Sugar and cancer

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The Guardian newspaper today is reporting on an important study carried out in France that has shown a link between sugar consumption and the development of cancer. Most importantly, the authors of the study make it clear that the problem is not just about sugary drinks, colas, lemonade etc, but fruit juices as well. It isn't important that the sugar is added to the drink, simply that it is present in large amounts. The article includes the comment:

'The study, carried out in France, is the first substantial piece of research to find a specific association between sugar and cancer.'


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This is an odd comment to make, as the link between sugar and cancer has been known scientifically for nearly a century. As I've explained in an earlier blog article, the great German physiologist, Otto Warburg, made it clear that the development of cancers in the body is fundamentally driven by the anaerobic breakdown, or fermentation, of sugars. This is why people who follow a ketosis diet, consisting of fats and protein only, have shown significant success in beating cancer, particularly brain tumours.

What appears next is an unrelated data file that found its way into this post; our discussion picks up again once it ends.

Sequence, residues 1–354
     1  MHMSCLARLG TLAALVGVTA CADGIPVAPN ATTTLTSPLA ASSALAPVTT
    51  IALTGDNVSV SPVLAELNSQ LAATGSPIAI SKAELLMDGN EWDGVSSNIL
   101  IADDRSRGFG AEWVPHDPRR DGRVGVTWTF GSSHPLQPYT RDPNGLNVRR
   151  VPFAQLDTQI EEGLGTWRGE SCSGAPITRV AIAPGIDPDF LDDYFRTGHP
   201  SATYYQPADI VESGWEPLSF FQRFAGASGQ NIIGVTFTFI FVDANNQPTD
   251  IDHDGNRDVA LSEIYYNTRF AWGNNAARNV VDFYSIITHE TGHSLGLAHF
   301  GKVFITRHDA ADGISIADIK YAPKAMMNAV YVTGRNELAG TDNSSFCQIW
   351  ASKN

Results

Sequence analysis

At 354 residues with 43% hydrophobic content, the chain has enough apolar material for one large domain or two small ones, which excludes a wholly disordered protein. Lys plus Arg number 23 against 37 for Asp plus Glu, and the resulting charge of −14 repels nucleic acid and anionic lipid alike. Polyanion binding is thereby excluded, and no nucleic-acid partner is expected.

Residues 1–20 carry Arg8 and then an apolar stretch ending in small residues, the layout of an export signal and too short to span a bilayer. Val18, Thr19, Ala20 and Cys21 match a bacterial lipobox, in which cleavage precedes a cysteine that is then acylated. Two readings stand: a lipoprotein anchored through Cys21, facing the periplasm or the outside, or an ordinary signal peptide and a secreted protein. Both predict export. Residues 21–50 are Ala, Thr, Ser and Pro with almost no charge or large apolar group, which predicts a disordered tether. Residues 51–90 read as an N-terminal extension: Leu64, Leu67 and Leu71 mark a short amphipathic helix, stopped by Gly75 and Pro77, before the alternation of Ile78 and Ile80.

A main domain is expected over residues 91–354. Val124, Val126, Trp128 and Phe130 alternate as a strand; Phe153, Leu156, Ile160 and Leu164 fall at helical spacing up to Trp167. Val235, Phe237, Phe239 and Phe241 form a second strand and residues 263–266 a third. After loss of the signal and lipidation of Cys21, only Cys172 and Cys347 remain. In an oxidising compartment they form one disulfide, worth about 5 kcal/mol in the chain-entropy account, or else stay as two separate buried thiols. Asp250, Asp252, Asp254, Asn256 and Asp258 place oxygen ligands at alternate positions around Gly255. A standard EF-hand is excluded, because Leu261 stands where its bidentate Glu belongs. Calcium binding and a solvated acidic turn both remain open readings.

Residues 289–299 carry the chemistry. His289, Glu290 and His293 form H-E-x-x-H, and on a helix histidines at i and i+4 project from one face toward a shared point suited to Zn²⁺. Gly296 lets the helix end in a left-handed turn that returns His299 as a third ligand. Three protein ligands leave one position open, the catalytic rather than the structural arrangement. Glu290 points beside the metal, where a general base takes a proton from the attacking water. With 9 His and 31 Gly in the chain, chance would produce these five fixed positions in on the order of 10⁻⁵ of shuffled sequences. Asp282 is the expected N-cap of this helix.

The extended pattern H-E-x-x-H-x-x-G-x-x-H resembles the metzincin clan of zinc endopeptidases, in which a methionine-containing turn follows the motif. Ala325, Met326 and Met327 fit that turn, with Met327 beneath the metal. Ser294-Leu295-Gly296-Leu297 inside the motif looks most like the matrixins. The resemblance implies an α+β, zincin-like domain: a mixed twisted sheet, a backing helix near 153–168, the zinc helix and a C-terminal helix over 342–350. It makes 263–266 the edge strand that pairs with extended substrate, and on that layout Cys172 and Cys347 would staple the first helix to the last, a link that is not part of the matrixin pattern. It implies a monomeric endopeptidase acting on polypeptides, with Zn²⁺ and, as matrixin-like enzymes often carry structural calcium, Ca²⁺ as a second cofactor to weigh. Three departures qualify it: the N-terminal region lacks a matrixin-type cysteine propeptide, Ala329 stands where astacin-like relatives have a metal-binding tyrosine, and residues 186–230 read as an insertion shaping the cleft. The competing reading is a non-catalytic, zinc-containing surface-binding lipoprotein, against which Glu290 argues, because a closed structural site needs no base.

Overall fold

Hopefully, the French study will raise the issue of sugar and cancer. In addition, the tactic of fast food companies to supply fruit juices as a 'healthy' alternative to colas will be seen for what it is; a charade. There's nothing wrong with eating some fruit in season - you're consuming fibre with the fruit sugar, lessening its effect on the body - but drinking fruit juices needs to be seen as akin to drinking alcohol, only without the intoxication.